It is hypothetically possible that your intrepid girl reporter ventured from from the Island on Saturday night wearing sneakers, a cheerleading skirt, and a shirt with a goose on it, with a FastPass stuffed in her bra and polka dot socks. It is also possible that in this outlandish costume, she attended a large event, filled with dancers and music and light, and that she danced to the point of physical pain. She danced upstairs and downstairs, in a conga line and alone in the middle of a dance floor. She danced so long and so hard that if her hair hadn’t been moussed down with industrial adhesive, it would have floated around her face like a halo.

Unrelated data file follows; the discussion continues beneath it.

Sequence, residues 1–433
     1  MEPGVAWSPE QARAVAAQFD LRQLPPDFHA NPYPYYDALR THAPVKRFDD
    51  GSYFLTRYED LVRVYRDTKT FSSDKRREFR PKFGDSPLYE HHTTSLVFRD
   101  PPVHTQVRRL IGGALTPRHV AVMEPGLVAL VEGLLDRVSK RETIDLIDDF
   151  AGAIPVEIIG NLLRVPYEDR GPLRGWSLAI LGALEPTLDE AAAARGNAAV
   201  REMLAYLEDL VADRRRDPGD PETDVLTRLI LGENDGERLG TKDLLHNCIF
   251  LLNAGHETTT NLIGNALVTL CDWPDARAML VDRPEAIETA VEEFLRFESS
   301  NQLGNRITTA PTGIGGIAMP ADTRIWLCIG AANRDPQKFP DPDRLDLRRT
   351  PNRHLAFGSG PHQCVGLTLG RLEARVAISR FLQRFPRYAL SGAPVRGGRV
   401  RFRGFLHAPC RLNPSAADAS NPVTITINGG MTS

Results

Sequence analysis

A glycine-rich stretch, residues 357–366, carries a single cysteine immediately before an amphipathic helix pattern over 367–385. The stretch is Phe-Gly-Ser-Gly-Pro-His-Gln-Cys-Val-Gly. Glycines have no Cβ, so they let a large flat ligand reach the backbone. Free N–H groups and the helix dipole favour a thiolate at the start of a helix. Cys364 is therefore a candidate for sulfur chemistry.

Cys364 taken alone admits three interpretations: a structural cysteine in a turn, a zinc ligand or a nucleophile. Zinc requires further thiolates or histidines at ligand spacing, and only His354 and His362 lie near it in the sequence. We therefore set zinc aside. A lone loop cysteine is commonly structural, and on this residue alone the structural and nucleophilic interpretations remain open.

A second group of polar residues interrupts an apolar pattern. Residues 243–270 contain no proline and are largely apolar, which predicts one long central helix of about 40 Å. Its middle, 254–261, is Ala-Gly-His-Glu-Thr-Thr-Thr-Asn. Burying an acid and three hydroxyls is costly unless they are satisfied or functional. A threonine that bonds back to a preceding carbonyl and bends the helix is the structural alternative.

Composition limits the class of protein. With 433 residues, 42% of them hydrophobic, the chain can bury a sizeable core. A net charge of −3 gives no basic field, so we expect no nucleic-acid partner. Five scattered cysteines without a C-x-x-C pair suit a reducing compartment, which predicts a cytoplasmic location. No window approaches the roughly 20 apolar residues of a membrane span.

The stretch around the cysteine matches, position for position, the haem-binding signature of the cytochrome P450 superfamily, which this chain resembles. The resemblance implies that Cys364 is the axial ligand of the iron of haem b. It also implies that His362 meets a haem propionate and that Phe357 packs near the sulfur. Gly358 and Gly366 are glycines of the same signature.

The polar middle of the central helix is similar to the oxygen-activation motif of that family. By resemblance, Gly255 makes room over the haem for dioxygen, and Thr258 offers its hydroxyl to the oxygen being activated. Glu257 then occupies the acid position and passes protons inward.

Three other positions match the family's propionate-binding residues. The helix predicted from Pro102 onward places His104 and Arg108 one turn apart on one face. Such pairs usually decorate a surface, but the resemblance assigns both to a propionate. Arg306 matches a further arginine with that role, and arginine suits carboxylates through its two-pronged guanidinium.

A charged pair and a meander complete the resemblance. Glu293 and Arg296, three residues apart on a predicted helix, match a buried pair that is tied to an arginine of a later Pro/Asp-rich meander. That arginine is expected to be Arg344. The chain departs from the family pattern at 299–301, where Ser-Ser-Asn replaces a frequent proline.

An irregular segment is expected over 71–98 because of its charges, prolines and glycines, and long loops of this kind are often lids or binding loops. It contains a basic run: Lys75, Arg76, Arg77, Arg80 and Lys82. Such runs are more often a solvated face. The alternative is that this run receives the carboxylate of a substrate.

Maybe she sat in a seat looking down on a dancefloor filled with people and felt a strange instance of love and affection for them. Maybe she drifted through that massive crowd, forgetting for a night the perils of social anxiety and nervousness.
It is even possible that she accepted a communion from the hand of another, and spent the night entranced, mesmerized, flowing with the music and the light and the people. Perhaps she felt like she was only a small part of a giant organism which moved and breathed together. Perhaps she found herself lying in a pile of people staring up at the sky, hoping that the night would never end.
Maybe the music was loud, and good, and danceable, and she lost herself in the moment of plunging, writhing bodies. Maybe she was thankful.
Maybe on the bus home, she was filled with a sudden sense of crushing lonliness, and when she got home she sat in the tub and stared at the rubber stamped words on her arm, wondering what had really happened.